Archaeologists Uncover Drawing of Last King of Babylon

Smithsonian Magazine ran a story about recent discoveries in the Middle East including a carving of the last king of Babylon. Considering the persistence of aspects of Sumerian religion and magical concepts via Babylon to the present day, we thought this’d be of interest.

Researchers in Saudi Arabia have discovered a sixth-century B.C.E. rock carving of the last Babylonian king, Nabonidus.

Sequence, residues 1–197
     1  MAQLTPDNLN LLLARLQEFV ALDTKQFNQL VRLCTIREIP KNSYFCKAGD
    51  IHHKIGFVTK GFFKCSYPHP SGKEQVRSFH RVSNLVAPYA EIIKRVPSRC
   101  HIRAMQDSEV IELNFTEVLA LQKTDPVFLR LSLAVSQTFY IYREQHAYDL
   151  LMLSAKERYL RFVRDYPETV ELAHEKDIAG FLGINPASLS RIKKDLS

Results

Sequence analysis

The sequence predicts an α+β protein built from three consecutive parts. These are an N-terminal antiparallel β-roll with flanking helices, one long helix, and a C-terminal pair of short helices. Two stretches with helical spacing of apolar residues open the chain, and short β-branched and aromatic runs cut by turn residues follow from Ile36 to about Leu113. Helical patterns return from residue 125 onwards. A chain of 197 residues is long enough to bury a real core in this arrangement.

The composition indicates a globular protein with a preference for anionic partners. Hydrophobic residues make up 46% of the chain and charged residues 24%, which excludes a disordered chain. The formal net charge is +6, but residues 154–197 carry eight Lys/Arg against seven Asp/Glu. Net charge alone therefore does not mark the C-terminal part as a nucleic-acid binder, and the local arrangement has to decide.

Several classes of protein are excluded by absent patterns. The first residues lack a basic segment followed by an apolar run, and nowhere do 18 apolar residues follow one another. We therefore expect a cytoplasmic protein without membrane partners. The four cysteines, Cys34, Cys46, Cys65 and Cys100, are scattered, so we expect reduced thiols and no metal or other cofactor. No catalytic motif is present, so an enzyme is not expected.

As Arab News reports, archaeologists from the Saudi Commission for Tourism and National Heritage spotted the 2,550-year-old inscription engraved on a basalt stone in the Al-Hadeed Governorate, in the country’s northern Hail region.

Per a statement, the carving contains 26 lines of cuneiform writing, making it the longest cuneiform inscription discovered in Saudi Arabia to date. The find could shed light on the history of the Arabian Peninsula and its ancient residents’ ties to neighboring Mesopotamia.

The etching shows the Babylonian king standing with a scepter in his hand. Four symbols—a crescent moon, the sun, a snake and a flower—hover in front of him.

Frater Lux Ad Mundi

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